Tuesday, July 16, 2013

How Dare Israel Put Its Interests Ahead of US Foreign Policy!

Kevin Jon Heller
Ah, hypocrisy — thy name is the United States. First up, US anger at Israel for not supporting a lawsuit concerning allegations that the Bank of China laundered money for Hamas and Islamic Jihad:
Israeli Ambassador to the US Michael Oren was called back to Israel to take part in an emergency meeting convened this weekend by Prime Minister Benjamin Netanyahu so that Oren could pass on  messages sent by the US administration and Congress in the wake of tensions between the two countries.
The tensions and lightening visit stem from the US’s outrage at Israel’s decision to back out of their commitment to a terror prosecution involving the allegedly laundering monies for Hamas so that Netanyahu and his family could embark on their State visit to the country last May.
This weekend Nahum Barnea and Shimon Shiffer from Yedioth Ahronoth broke the story and revealed that the Chinese government threatened to cancel Netanyahu’s visit if Israel refused to promise that senior Israeli defense officials would refrain from testifying against the Bank of China in a federal court trial currently underway in New York.

According to the report, China conditioned Netanyahu’s visit on the demand the officials retract their promise to testify in the trial being led by the family of terror victim.
The story has invoked the rage of the White House, a number of US congressmen and Jewish organizations active in the US who were flabbergasted by the decision to back out of a legal battle against the funding of international terror only in an attempt to prevent harm from coming to Netanyahu’s visit.
How dare Israel be so soft on terrorism! How could they think it’s okay not to support “a legal battle against the funding of international terror”?
Oh, wait:
It is a dark day for the rule of law. Federal and state authorities have chosen not to indict HSBC, the London-based bank, on charges of vast and prolonged money laundering, for fear that criminal prosecution would topple the bank and, in the process, endanger the financial system. They also have not charged any top HSBC banker in the case, though it boggles the mind that a bank could launder money as HSBC did without anyone in a position of authority making culpable decisions.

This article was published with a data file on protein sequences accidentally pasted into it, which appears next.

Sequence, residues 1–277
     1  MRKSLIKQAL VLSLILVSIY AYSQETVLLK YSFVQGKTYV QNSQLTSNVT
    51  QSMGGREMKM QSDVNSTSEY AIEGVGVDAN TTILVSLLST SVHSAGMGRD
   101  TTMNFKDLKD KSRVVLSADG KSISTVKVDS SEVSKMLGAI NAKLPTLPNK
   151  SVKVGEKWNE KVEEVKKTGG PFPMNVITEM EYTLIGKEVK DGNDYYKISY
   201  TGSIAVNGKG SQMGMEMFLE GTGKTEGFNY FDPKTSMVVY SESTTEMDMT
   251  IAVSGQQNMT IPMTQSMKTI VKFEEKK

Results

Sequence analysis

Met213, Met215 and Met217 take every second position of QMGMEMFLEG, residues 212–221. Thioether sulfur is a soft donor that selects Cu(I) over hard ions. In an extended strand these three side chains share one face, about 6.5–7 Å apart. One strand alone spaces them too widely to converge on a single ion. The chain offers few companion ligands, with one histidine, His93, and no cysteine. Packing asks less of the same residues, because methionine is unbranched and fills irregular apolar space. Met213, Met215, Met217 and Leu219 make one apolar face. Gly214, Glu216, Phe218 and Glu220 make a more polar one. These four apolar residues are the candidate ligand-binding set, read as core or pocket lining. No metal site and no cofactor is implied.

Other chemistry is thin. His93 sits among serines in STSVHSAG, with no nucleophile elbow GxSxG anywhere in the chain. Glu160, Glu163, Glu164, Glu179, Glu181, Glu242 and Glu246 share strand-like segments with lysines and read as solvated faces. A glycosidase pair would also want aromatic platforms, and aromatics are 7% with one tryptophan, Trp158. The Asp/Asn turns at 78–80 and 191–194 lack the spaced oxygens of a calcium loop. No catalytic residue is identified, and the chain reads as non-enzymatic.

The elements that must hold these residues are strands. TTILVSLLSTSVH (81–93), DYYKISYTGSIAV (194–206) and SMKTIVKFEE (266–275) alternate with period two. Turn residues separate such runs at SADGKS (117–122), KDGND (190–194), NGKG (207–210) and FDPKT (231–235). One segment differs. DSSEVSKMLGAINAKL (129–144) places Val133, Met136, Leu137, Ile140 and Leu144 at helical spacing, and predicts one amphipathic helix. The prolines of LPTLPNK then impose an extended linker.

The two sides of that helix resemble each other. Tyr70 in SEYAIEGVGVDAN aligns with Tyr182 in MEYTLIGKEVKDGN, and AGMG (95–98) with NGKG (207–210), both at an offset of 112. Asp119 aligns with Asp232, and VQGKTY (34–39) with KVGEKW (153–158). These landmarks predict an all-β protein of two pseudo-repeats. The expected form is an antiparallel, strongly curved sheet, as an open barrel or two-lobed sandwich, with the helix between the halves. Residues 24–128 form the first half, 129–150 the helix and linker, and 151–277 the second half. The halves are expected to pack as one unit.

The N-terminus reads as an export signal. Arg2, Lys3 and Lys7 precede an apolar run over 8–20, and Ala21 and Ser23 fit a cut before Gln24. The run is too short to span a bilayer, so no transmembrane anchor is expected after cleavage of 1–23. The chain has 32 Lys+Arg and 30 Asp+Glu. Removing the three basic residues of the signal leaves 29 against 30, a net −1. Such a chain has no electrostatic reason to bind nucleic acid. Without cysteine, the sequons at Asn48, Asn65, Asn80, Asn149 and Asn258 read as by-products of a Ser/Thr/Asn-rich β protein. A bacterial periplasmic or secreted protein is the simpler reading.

There is no doubt that the wrongdoing at HSBC was serious and pervasive. Several foreign banks have been fined in recent years for flouting United States sanctions against transferring money through American subsidiaries on behalf of clients in countries like Iran, Sudan and Cuba. HSBC’s actions were even more egregious. According to several law enforcement officials with knowledge of the inquiry, prosecutors found that, for years, HSBC had also moved tainted money from Mexican drug cartels and Saudi banks with ties to terrorist groups.
Those findings echo those of a Congressional report, issued in July, which said that between 2001 and 2010, HSBC exposed the American “financial system to money laundering and terrorist financing risks.” Prosecutors and Congressional investigators were also alarmed by indications that senior HSBC officials might have been complicit in the illegal activity and that the bank did not tighten its lax controls against money laundering even after repeated urgings from federal officials.
Apparently, only the United States has the right to put its economic interests ahead of the war on terror. Other countries just have to suck it up and do the right thing.
PS. Let’s also not lose sight of the double-standard at work regarding UK/US and Chinese banks. Next time you get angry that China doesn’t meekly accept direction from the State Department – cough, Edward Snowden, cough – you might want to keep that double standard in mind.

Yisrael Medad

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